‘We are a progressive state’: What is Daniel Andrews planning for his third term in government?

Victorian election 2022

Daniel Andrews strolled through the Victorian Parliament’s gardens with his deputy Jacinta Allan on Sunday morning, headed towards the press pack and began as he always does: “Everyone right to go?”

Less than 12 hours after his victory speech at the Village Green Hotel in Mulgrave, Andrews was back in front of the cameras. It was his first day as premier in the 60th parliament, having led Labor to a historic third term, and he wanted us to know he was not wasting a moment.

Premier Daniel Andrews in Parliament’s gardens on Sunday with Deputy Premier Jacinta Allan.Credit:Luis Enrique Ascui

“My politics, our politics, it’s not about us, and it’s not about the win just for its own sake, it’s about winning, so you have the opportunity and the obligation to get on and do the work,” he said.

During the pandemic, press conferences became Andrews’ preferred method of engaging with the media, and Sunday suggested that, along with his use of social media, it would remain that way. These methods come at the expense of long-form inquisitions, particularly on live radio, or regular direct engagement with newspaper interviewers.

The reason, according to one of his senior ministers, was that the game had changed.

“Dan has more Facebook followers than the Herald Sun has readers,” Health Minister Mary-Anne Thomas said on Sunday regarding the News Corp paper’s heavily critical coverage of the government during the campaign. “The media landscape is changing significantly and people curate their media experiences. This presents opportunities and challenges … but I think Dan is a master communicator.”

It’s unclear so far what Andrews might use this talent for this term.

Labor is on track to replicate its landslide 2018 election victory, despite a drop in its primary vote, and Andrews will likely command 52 or more seats in the 88-seat parliament. The size of the victory means his leadership has been strengthened, his caucus will be forced to fall further in line behind a leader who rules with an iron fist, and he will most likely work with a progressive crossbench in the upper house to help him get controversial legislation through parliament.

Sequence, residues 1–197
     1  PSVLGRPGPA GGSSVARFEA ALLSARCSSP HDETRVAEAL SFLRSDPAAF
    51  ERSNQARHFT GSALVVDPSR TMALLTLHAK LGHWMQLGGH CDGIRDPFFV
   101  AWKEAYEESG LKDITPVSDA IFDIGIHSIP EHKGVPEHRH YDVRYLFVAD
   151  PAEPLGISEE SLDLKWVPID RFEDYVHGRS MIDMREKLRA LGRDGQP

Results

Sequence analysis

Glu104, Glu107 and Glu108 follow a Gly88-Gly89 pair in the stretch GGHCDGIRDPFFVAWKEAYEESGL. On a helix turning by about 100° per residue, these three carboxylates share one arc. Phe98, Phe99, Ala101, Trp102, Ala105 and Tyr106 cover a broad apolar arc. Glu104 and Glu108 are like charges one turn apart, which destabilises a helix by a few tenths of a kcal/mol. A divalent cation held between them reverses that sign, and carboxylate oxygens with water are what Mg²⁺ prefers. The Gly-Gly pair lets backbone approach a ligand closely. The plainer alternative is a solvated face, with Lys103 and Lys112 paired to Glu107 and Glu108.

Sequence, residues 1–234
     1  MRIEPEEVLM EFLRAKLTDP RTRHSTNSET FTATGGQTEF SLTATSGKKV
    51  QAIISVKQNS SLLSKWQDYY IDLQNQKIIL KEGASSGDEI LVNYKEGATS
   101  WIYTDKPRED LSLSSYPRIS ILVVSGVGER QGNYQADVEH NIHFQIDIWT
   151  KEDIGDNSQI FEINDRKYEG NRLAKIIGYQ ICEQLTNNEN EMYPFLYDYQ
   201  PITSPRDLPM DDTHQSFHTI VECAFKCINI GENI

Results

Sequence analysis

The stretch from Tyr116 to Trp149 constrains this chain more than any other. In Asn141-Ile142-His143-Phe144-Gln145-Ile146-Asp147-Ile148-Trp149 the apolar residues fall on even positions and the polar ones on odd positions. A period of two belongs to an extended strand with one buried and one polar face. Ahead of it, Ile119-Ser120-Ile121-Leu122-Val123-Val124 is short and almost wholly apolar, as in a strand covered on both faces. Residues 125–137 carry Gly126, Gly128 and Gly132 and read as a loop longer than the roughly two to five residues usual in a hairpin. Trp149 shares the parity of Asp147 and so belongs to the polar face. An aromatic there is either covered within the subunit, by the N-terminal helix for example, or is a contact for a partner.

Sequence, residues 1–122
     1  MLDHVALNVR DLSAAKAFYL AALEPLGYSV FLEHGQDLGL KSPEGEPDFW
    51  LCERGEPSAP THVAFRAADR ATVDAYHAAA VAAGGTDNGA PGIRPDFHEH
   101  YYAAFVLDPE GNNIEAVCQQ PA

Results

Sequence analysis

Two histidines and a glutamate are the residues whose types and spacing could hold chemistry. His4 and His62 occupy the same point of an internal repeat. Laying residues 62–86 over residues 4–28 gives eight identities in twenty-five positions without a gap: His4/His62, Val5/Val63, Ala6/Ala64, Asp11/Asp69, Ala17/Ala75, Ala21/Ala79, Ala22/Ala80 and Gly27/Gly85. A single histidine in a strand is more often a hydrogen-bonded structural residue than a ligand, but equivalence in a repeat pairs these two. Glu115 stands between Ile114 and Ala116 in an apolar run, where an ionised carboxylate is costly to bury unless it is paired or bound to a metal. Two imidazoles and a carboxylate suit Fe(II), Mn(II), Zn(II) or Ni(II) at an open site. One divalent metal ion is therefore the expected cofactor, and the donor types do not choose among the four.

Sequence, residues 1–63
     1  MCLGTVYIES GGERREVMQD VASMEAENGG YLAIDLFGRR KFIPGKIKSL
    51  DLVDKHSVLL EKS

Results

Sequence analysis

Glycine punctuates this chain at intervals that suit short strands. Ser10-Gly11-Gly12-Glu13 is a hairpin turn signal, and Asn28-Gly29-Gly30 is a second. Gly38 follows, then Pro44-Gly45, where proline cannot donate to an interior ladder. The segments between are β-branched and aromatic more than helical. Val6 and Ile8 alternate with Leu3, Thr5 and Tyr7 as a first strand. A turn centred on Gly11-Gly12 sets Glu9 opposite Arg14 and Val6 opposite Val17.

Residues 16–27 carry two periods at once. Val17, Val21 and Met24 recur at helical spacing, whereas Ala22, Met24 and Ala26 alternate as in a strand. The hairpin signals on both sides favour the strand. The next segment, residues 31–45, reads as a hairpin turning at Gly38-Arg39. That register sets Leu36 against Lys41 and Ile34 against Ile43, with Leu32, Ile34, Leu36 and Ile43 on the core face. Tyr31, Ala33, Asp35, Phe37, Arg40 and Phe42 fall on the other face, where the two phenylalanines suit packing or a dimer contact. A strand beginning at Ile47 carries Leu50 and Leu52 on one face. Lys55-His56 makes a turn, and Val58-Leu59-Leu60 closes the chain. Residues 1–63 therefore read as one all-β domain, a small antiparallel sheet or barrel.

But what will he do with this authority?

The premier on Sunday repeated his campaign theme that his third term in government would focus on reviving the State Electricity Commission, overhauling early childhood learning, expanding free TAFE and investing in the state’s healthcare system.

Premier Daniel Andrews speaks to the media on Sunday.Credit:Luis Enrique Ascui

He will have, if he wants it, a sweeping mandate to not only deliver on these commitments, but also embark upon significant further reform. He hinted at a broader agenda at his press conference but did not go into detail.

“Johnny Howard had a view that we were the Massachussetts of this country,” Andrews said.

“No, no. Massachussetts is the Victoria of the United States. We are very clear about that. We are a progressive state, we are a thoughtful state, we are the centre of critical thinking, we are the centre of all the big ideas in our nations, and we’re best when we’re out in front, leading our nation and in so many different agendas: mental health, family violence, early childhood education, renewable energy, climate change action.”

Labor MPs have also previously spoken about the need to tackle Victoria’s socially regressive criminal justice system. Despite its progressive social agenda to ban gay conversion therapy, make it illegal for anti-abortion protesters to harass women near abortion clinics, establish a medically supervised injecting facility and legalise euthanasia, Victoria is a laggard on law and order.

The state has tough bail laws, a ballooning prison population, and more police per capita than NSW. Women, particularly Indigenous women, are vastly more likely to be locked up on remand in Victoria.

Labor MPs privately say timing is everything in politics and after securing a third term, Andrews might now have the support and time to move on criminal justice reform, including raising the age of criminal responsibility from 10 years to 14. On this reform, a parliamentary inquiry earlier this year recommended the government adopt it, but the then opposition shadow Attorney-General Michael O’Brien called it a “a green light for more crime”. O’Brien said at the time such a move went against common sense, and “radical proposals would make Victoria less safe”.

The government also expects the Yoorrook Justice Commission to make recommendations around policing, bail, remand and prisons.

Andrews has previously shown no appetite for criminal justice reform, having fought off the Coalition on a law and order campaign in the 2018 election, and being forced to focus on managing the pandemic during his second term.

Law and order was not an important factor in people’s minds when they voted on Saturday, according to the Resolve Political Monitor survey.

Some Labor MPs hope, however, that with such a large victory the time has come to tackle difficult policy areas.

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